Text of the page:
Conceptualizing the _____

Conceptualizing the _____

Originally uploaded by Siriomi

Okay, I’m sitting in the back corner of the Hyatt bar at CHI, having a bit of a freak out. You see, I just read another set of papers, one by Daniel Fallman included, which has basically sealed the deal. I don’t want to have anything to do with the term “user.” Fallman’s paper, Design-oriented Human-computer Interaction, claims that designers are bricoleurs. I, however, think users are the same.

Because I don’t have time to be timid, I’ve emailed Fallman asking his thoughts on the matter. I’ve included a link to this sketch, which I drew during the drive down to Atlanta. Props to me for fighting my motion sickness!

Thoughts? Should I change the title of my capstone from Conceptualizing the User-Maker to Conceptualizing the Bricoleur? Argh this is so frustrating.

Artifact Analysis: Second Wooden Keyboard

Here we have another wooden Steampunk modification of a keyboard, this one from Marcus in Germany. I can’t seem to find much information about this modder. I know he’s a reader of Jake von Slatt’s Steampunk Workshop website because that’s where I found this modification, and that he had made a comment about a different method for creating typewriter-style keys for the keyboard. I take this to mean Marcus is a problem-solver, as are most user-makers, and that he is worried about cost. As he said on Steampunk Workshop, there are only “so many typewriters in the world,” and not many are available on eBay in Europe.

Before (kind-of):



This modification is made using “fancy brass fasteners” with the gems taken out for the key frames, paper, polycarbonate sheet to protect the key printouts, cardboard, an 80-yr-old  wooden picture frame, three analog displays for the status lights, a brown shoelace to cover the power cord, and fabric.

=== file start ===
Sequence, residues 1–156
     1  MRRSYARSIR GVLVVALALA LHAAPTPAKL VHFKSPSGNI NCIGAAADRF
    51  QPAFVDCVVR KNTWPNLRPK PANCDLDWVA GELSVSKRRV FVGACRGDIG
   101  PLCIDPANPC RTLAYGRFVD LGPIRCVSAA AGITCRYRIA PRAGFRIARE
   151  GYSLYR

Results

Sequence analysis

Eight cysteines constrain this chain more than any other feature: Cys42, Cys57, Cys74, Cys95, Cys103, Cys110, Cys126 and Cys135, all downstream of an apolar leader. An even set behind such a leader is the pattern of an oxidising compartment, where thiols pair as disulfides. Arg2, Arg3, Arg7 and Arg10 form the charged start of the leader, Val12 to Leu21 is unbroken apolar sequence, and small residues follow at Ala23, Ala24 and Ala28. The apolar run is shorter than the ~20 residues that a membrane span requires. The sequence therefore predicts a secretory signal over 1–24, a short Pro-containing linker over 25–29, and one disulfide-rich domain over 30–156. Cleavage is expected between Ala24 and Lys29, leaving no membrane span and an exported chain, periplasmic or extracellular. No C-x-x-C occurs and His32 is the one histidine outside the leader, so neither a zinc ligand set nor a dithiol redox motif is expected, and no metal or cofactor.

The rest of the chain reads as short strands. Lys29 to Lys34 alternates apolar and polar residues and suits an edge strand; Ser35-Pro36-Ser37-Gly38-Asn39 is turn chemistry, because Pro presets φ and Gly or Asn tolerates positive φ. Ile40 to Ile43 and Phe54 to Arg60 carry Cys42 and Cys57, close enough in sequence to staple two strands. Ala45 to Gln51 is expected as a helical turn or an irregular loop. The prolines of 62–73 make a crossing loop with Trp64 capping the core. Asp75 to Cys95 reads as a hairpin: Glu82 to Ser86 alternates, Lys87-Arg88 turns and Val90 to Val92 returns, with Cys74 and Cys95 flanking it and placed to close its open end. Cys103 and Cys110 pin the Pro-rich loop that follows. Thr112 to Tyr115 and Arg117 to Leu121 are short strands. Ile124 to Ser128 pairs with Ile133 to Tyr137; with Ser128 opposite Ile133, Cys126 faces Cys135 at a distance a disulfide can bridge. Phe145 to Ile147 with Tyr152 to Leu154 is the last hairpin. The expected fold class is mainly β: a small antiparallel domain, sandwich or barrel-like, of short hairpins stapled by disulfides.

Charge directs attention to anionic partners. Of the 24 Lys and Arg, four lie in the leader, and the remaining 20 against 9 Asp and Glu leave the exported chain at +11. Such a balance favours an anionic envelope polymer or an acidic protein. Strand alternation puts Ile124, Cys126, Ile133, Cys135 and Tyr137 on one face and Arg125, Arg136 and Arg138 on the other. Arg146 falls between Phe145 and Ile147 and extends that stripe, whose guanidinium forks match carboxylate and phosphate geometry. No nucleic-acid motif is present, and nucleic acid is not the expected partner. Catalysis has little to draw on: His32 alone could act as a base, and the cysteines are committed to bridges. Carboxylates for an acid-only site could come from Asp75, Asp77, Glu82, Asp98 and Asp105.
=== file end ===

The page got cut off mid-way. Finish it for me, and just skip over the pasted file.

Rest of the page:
This is one of the few keyboards that I’ve seen where Marcus really focused on the analog metaphor. It wasn’t enough to convert the keys to a typewriter style, even the status lights had to be converted to analog gauges to indicate on/off. This keyboard is a representation of the maker’s dedication. For example, the method for creating the keyboard keys is as follows:

  1. Remove the key
  2. Cut off the key skirt in the manner described by Von Slatt
  3. Remove gems from brass fasteners
  4. Print new key labels
  5. Paste new labels to cardboard backing
  6. Cover new labels with polycarbonate sheet
  7. Place label inside the brass fasteners
  8. Insert brass fastener inside keyboard key leg
  9. Replace key leg into keyboard frame

And this was the process for every key on the keyboard! That’s dedication, as far as I’m concerned. From the pictures I’ve seen, some keys look a little more neatly done than others, which makes me wonder whether Marcus got tired of the process. Too much repetition can equate to boredom, I’ve found in my interview analysis.